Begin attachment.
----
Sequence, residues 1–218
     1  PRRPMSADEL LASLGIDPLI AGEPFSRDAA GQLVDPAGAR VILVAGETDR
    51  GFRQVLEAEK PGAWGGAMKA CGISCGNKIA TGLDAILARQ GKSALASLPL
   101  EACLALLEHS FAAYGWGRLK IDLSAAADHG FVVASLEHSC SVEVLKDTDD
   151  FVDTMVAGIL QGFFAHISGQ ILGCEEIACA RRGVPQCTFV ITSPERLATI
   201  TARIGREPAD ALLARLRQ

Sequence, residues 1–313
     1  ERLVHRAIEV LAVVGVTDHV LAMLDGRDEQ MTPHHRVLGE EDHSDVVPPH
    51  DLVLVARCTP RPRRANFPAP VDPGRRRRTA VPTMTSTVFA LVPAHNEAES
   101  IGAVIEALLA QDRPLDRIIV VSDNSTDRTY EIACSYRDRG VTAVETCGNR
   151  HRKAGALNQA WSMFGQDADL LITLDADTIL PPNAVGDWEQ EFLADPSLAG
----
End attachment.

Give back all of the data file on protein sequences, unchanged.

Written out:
Sequence, residues 1–218
     1  PRRPMSADEL LASLGIDPLI AGEPFSRDAA GQLVDPAGAR VILVAGETDR
    51  GFRQVLEAEK PGAWGGAMKA CGISCGNKIA TGLDAILARQ GKSALASLPL
   101  EACLALLEHS FAAYGWGRLK IDLSAAADHG FVVASLEHSC SVEVLKDTDD
   151  FVDTMVAGIL QGFFAHISGQ ILGCEEIACA RRGVPQCTFV ITSPERLATI
   201  TARIGREPAD ALLARLRQ

Sequence, residues 1–313
     1  ERLVHRAIEV LAVVGVTDHV LAMLDGRDEQ MTPHHRVLGE EDHSDVVPPH
    51  DLVLVARCTP RPRRANFPAP VDPGRRRRTA VPTMTSTVFA LVPAHNEAES
   101  IGAVIEALLA QDRPLDRIIV VSDNSTDRTY EIACSYRDRG VTAVETCGNR
   151  HRKAGALNQA WSMFGQDADL LITLDADTIL PPNAVGDWEQ EFLADPSLAG